Joe Crowley isn’t handling his loss to Alexandria Ocasio-Cortez too well

Crowley reportedly undermined a colleague who was seeking his old job due to his juvenile resentment of the woman who unseated him.

Joe Crowley during the Congressional baseball game in Washington, D.C. on June 25, 2014. (Bill Clark/CQ Roll Call)
Joe Crowley during the Congressional baseball game in Washington, D.C. on June 25, 2014. (Bill Clark/CQ Roll Call)

Rep. Joe Crowley (NY) is the fourth-ranking House Democrat.

As the chairman of the House Democratic Caucus, only House Minority Leader Nancy Pelosi (CA), House Minority Whip Steny Hoyer (MD), and House Assistant Minority Leader Jim Clyburn (SC) are ahead of Crowley in his party’s pecking order.

So the New York Democrat would be in prime position for an important leadership post in the new House majority when it’s seated in January.

He was even mentioned as a possible next Speaker of the House.

That is, he might have been in line for these career-making advancements had he taken his Democratic primary challenger, Rep.-elect Alexandria Ocasio-Cortez (D-NY), seriously.


He didn’t. The New York City congressman, in fact, didn’t even bother to show up for a debate against Ocasio-Cortez a week before the election. First elected to Congress in 1998, Crowley claimed an out-of-town engagement prevented him from participating in that match-up with his Democratic rival. Social media told a different story: The incumbent tweeted photos of himself in New York on the day of the debate.

A week later, the then-28-year-old Democratic socialist stunned the political world with a 13-point upset win, becoming an instant conservative boogeyman.

Crowley immediately vowed to throw his support behind the new Democratic star.

He didn’t.

The outgoing congressman was called out on Twitter by Ocasio-Cortez after apparently rescheduling three concession calls. He also refused to completely remove his name from the ballot, as ThinkProgress’ Addy Baird explained:

Crowley won the Working Families Party nomination, a minor but powerful third party in the state, but after he lost the Democratic nomination to Ocasio-Cortez, the state director of Working Families Party, Bill Lipton, reportedly reached out to Crowley and asked the congressman to vacate the line. Crowley declined.

It didn’t end up mattering in the general election to represent the diverse and heavily-Democratic 14th congressional district — which contains the Bronx and Queens — as Ocasio-Cortez defeated her GOP opponent by over 64 points to become the youngest woman ever elected to Congress.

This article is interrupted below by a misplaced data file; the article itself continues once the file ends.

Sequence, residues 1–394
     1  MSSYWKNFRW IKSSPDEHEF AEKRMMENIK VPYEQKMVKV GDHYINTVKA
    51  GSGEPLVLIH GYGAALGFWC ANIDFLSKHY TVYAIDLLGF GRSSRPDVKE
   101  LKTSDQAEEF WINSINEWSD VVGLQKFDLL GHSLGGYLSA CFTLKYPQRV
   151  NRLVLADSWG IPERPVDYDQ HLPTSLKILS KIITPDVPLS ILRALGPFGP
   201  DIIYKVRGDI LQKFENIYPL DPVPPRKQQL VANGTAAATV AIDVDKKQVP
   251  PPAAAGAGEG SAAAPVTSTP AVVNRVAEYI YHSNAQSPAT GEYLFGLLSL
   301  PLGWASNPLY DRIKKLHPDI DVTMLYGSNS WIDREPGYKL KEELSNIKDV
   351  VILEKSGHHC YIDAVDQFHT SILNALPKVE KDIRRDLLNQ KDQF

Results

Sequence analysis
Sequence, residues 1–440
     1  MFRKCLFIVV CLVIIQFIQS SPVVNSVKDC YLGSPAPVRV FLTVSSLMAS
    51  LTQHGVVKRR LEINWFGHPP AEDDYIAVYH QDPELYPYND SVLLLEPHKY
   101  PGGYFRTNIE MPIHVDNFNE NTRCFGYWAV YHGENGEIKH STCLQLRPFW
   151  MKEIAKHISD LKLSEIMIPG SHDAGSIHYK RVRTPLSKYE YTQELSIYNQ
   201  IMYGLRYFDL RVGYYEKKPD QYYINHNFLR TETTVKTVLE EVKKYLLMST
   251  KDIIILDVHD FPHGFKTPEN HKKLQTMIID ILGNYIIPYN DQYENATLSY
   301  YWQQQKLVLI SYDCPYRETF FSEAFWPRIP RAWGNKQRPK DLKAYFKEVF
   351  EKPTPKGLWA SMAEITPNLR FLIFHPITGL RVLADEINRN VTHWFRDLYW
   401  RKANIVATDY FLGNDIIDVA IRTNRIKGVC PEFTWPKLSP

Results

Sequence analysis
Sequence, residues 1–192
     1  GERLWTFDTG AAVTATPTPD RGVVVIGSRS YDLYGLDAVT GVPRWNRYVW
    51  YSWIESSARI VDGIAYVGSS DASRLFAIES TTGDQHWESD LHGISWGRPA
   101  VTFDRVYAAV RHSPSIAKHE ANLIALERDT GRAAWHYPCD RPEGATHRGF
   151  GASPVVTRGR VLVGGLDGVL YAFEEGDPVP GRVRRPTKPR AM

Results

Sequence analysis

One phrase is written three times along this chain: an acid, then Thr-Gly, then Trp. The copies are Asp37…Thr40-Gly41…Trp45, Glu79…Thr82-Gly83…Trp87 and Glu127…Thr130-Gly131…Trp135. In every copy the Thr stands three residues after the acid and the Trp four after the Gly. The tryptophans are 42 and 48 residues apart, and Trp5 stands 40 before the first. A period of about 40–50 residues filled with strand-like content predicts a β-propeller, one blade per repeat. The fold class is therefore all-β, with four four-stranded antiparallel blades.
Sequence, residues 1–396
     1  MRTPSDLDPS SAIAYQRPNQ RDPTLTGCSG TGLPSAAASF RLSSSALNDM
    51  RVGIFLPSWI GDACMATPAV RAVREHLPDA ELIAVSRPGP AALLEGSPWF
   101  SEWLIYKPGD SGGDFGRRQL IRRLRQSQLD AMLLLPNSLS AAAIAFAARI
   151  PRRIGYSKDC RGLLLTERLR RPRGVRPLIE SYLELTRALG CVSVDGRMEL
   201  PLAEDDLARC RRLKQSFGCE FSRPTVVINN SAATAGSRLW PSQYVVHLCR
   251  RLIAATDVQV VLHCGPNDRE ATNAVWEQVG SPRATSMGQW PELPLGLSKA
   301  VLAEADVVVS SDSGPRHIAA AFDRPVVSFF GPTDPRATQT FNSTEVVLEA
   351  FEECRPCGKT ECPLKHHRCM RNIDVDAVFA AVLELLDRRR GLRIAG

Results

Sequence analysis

The Working Families Party’s Crowley finished a distant third, with less than half the number of votes of the Republican candidate.

Crowley’s time in Washington, D.C. is winding down after a 20-year-career. Fortunately for the New York Democrat, not being in Congress should free up more time for him to spend on his apparent passion: horse racing. Sludge reported Crowley’s PAC spent nearly $40,000 on “trips to horse racing tracks, hotels, airfare and several high-end restaurants” following his loss to Ocasio-Cortez.

Funding these outings, however, aren’t likely what those who donated money to Crowley’s “Jobs, Opportunity and Education PAC” (JOE PAC — get it?) had in mind when they ponied up the boodle, since it would seem his trips to the track addressed neither jobs, opportunity, nor education.

Perhaps the Democratic congressman just wanted to have a little fun on his way out. At least he wasn’t undermining his colleagues, right?

Well, no. That changed on Thursday when Crowley reportedly helped ensure that Rep. Barbara Lee (CA) would not be his successor as chair of the House Democratic Caucus.

Lee, who was supported by Ocasio-Cortez and many of the other new House Democrats, is one of the most progressive Democratic lawmakers in D.C. The California Democrat has only supported President Donald Trump’s agenda 7.7 percent of the time, the second-lowest rate of any member of Congress.


Crowley apparently warned his Democratic House colleagues before their leadership elections that Lee had donated to Ocasio-Cortez, his primary challenger. Which is true, by the way. The 11-term congresswoman did give $1,000 to Ocasio-Cortez’s campaign.

But not until after she had won the primary.

The outgoing New York Democrat reportedly did this as an effort to depict Lee “as part of the insurgency that incumbents in Congress feel threatened by, according to Democrats who learned of the message Crowley was sharing.”

Lee was widely expected to be promoted to House Democratic Caucus chair, but she ultimately lost to Rep. Hakeem Jeffries (D-NY), who has supported Trump’s agenda almost twice as often as she, by 10 votes.

Lee confirmed that these “rumors took place” and called them “very unfair” before noting she hadn’t even been aware that Crowley had a primary challenger until Ocasio-Cortez beat him.

The Intercept’s Ryan Grim noted several other reasons why Crowley may have backed Jeffries.

A protege of Crowley’s, Jeffries is heavily backed by big money and corporate PACs. Less than 2 percent of his fundraising comes from small donors, who contribute less than $200, according to Federal Election Commission records.

It is perhaps to no one’s credit that “don’t vote for the person who donated a small pittance of money to my primary opponent after I’d been well and duly beaten because of my sour grapes” proved to be a decisive argument in the vote for House caucus chair.

UPDATE: In a statement to ThinkProgress on Monday, Rep. Joe Crowley’s (D-NY) staff denied that the outgoing congressman was involved in the effort to undermine Rep. Barbara Lee (D-CA).

“Joe Crowley respects both Barbara Lee and Hakeem Jeffries and played no role in the race for caucus chair,” said Lauren French, the New York Democrat’s communications director. “Stories that he was whipping votes for either candidate are false and inaccurate.”